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Last year, for the first time, the University of Pittsburgh ranked first among U.S. academic medical centers and hospitals for heart disease and stroke research funding from the American Heart Association (AHA). Pitt’s AHA funding for 2006 totaled $8,949,945.
“The University of Pittsburgh prides itself on recruiting prolific researchers, scientists, and clinicians who are dedicated to elucidating the fundamental causes of heart disease. I am most proud of Dr. Barry London, chief of cardiology and director of the UPMC Cardiovascular Institute (CVI), and his team of cardiologists and scientists who advance our mission at both the laboratory bench and patient’s bedside, ultimately helping patients lead better, healthier lives,” said Arthur S. Levine, Pitt senior vice chancellor for the health sciences and dean of the University’s School of Medicine.
CVI has a strong foundation of both clinical and basic science research. For example, at any one time, the institute’s faculty trains 30 general cardiology fellows (10 per year for three years), as well as subspecialty clinical fellows in interventional cardiology, electrophysiology, congestive heart failure, transplantation, and heart imaging.
Additionally, a variety of specialized research fellowships concentrating in molecular genetics, molecular imaging techniques, and clinical epidemiology are performed by trainees committed to academic and investigative careers.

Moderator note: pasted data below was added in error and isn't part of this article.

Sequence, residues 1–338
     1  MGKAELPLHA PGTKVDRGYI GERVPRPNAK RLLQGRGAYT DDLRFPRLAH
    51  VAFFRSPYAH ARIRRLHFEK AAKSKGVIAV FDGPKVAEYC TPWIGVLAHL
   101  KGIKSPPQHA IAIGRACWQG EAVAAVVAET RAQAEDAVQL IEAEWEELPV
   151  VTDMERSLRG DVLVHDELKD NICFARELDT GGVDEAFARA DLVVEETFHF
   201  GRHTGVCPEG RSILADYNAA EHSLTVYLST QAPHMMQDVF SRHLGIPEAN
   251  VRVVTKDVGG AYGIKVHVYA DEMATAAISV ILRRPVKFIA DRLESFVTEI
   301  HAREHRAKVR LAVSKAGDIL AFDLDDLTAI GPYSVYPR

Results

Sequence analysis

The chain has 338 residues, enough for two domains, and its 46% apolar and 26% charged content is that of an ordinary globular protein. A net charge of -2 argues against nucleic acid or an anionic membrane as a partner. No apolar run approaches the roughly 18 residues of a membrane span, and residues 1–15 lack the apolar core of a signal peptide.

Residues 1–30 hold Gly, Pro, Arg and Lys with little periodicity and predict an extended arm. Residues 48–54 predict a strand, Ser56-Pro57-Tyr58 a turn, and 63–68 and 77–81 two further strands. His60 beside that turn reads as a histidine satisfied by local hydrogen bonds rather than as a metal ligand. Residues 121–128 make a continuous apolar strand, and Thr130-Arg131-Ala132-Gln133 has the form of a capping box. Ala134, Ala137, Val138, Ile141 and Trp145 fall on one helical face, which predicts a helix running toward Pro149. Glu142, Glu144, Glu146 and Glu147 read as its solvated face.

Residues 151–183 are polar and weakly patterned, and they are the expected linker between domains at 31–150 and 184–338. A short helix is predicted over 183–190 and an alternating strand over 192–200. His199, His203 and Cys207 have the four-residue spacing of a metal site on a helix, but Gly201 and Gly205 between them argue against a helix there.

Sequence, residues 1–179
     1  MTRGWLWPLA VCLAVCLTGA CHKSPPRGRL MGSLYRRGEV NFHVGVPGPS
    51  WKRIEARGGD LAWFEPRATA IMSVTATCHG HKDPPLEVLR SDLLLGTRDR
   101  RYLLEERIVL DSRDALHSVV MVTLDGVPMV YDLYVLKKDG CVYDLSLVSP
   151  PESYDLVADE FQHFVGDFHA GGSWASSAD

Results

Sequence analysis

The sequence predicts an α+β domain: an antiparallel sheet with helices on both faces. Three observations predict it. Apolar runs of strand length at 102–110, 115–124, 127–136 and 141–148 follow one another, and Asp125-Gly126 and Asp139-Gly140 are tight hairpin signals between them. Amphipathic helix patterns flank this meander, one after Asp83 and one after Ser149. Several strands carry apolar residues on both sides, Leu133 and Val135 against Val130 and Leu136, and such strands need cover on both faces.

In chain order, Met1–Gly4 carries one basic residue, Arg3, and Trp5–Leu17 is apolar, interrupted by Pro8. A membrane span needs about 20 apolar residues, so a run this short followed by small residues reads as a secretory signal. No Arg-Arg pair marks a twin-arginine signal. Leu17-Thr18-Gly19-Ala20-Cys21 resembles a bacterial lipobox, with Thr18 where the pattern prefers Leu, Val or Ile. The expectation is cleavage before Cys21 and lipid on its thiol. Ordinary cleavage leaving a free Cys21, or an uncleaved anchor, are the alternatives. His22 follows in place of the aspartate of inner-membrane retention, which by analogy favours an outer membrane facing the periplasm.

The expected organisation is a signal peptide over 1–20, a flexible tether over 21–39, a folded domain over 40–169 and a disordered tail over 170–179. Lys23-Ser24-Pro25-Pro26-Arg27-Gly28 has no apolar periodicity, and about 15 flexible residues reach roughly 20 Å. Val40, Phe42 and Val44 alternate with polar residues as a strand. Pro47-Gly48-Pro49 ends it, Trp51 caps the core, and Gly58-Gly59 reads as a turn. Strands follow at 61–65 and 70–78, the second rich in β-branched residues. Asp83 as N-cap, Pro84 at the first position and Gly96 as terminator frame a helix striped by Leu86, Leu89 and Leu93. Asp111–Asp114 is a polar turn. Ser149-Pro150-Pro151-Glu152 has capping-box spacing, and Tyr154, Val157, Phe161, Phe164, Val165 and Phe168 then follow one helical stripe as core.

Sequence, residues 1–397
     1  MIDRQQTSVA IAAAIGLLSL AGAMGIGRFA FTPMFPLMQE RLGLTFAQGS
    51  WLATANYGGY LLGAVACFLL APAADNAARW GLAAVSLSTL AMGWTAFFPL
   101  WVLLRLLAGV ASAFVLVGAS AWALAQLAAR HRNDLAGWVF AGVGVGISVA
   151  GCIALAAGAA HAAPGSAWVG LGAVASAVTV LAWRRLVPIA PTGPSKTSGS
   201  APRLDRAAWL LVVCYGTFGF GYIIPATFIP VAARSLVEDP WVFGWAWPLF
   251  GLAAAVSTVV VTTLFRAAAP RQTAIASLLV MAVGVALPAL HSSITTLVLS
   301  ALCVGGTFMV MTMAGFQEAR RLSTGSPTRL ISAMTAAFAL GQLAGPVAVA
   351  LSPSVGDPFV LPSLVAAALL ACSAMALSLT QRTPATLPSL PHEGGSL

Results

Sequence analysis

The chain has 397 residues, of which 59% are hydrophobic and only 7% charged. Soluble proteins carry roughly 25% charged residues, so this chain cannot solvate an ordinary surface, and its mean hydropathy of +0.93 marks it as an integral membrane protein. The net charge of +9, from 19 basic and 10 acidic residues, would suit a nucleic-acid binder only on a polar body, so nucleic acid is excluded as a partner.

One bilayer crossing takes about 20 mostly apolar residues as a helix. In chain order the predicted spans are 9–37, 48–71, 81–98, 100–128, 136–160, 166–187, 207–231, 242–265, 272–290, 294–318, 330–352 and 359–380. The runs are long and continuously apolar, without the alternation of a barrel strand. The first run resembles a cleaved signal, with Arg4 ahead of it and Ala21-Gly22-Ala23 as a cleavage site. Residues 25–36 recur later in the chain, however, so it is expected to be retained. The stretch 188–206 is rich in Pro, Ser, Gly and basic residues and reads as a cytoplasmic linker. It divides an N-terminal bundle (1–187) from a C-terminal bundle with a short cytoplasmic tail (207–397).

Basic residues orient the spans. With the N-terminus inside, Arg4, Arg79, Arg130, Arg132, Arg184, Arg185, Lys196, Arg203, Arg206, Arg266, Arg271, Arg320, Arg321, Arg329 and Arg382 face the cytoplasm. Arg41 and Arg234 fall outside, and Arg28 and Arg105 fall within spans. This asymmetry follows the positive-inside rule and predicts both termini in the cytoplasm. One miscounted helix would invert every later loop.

CVI researchers are principal investigators on more than 20 grants from the AHA and the National Institutes of Health, in addition to dozens of other clinical and translational trials funded by other foundations and industry.
For a complete list of AHA awards to Pitt, visit the AHA Web site at www.americanheart.org and click on the science and professional link and again on the research link. The AHA’s list of awardees is mentioned in alphabetical order by institution. The complete list of Pitt awardees begins on page 91 and ends on page 97.
“The American Heart Association’s generous funding is a testament to their commitment to understanding the mechanisms that contribute to heart disease,” said London, who is also the Harry S. Tack Professor of Medicine at Pitt. “These funds will help our junior investigators, in particular, to push forward with their important research that may someday lead to effective therapies for patients.”